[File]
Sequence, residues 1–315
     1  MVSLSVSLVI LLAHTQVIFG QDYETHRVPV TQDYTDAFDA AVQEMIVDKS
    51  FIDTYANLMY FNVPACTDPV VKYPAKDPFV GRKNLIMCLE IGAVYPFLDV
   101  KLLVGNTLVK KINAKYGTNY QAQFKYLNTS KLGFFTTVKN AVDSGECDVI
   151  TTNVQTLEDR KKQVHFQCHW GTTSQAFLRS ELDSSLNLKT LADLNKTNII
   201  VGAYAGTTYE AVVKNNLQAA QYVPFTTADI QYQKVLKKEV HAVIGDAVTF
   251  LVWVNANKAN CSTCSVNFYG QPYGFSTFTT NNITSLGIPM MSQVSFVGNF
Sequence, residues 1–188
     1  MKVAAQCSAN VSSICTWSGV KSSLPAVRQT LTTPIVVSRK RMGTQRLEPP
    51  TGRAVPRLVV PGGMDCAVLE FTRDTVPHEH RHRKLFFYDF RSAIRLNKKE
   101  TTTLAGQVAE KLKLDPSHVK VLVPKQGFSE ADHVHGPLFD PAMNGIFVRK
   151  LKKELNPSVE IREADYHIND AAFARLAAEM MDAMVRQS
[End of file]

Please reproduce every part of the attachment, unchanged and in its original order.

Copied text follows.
Sequence, residues 1–315
     1  MVSLSVSLVI LLAHTQVIFG QDYETHRVPV TQDYTDAFDA AVQEMIVDKS
    51  FIDTYANLMY FNVPACTDPV VKYPAKDPFV GRKNLIMCLE IGAVYPFLDV
   101  KLLVGNTLVK KINAKYGTNY QAQFKYLNTS KLGFFTTVKN AVDSGECDVI
   151  TTNVQTLEDR KKQVHFQCHW GTTSQAFLRS ELDSSLNLKT LADLNKTNII
   201  VGAYAGTTYE AVVKNNLQAA QYVPFTTADI QYQKVLKKEV HAVIGDAVTF
   251  LVWVNANKAN CSTCSVNFYG QPYGFSTFTT NNITSLGIPM MSQVSFVGNF
Sequence, residues 1–188
     1  MKVAAQCSAN VSSICTWSGV KSSLPAVRQT LTTPIVVSRK RMGTQRLEPP
    51  TGRAVPRLVV PGGMDCAVLE FTRDTVPHEH RHRKLFFYDF RSAIRLNKKE
   101  TTTLAGQVAE KLKLDPSHVK VLVPKQGFSE ADHVHGPLFD PAMNGIFVRK
   151  LKKELNPSVE IREADYHIND AAFARLAAEM MDAMVRQS